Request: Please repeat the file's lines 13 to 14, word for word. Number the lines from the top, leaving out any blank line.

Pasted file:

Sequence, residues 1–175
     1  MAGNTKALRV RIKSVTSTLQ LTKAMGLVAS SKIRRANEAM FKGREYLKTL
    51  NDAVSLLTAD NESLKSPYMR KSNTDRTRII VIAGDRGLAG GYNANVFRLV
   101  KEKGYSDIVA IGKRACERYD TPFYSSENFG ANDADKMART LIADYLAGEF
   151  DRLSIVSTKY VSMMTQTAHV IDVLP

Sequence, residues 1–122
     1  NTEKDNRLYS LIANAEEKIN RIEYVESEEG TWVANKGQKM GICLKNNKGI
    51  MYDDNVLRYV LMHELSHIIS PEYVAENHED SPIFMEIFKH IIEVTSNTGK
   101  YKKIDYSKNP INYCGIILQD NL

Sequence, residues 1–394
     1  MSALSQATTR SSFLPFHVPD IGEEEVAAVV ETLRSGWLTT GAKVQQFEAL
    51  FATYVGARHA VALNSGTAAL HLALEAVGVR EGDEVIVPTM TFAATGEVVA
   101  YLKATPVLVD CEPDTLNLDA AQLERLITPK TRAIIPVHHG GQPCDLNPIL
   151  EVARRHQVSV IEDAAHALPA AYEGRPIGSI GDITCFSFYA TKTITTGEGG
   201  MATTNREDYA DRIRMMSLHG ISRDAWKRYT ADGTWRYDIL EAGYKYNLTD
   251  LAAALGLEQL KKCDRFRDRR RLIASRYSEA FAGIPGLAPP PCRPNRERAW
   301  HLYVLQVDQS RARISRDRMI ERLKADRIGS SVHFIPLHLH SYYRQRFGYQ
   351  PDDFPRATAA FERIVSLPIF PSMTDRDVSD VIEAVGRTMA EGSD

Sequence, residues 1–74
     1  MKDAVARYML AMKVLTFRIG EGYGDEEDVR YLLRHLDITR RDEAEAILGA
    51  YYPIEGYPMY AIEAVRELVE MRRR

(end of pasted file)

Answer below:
   101  YLKATPVLVD CEPDTLNLDA AQLERLITPK TRAIIPVHHG GQPCDLNPIL
   151  EVARRHQVSV IEDAAHALPA AYEGRPIGSI GDITCFSFYA TKTITTGEGG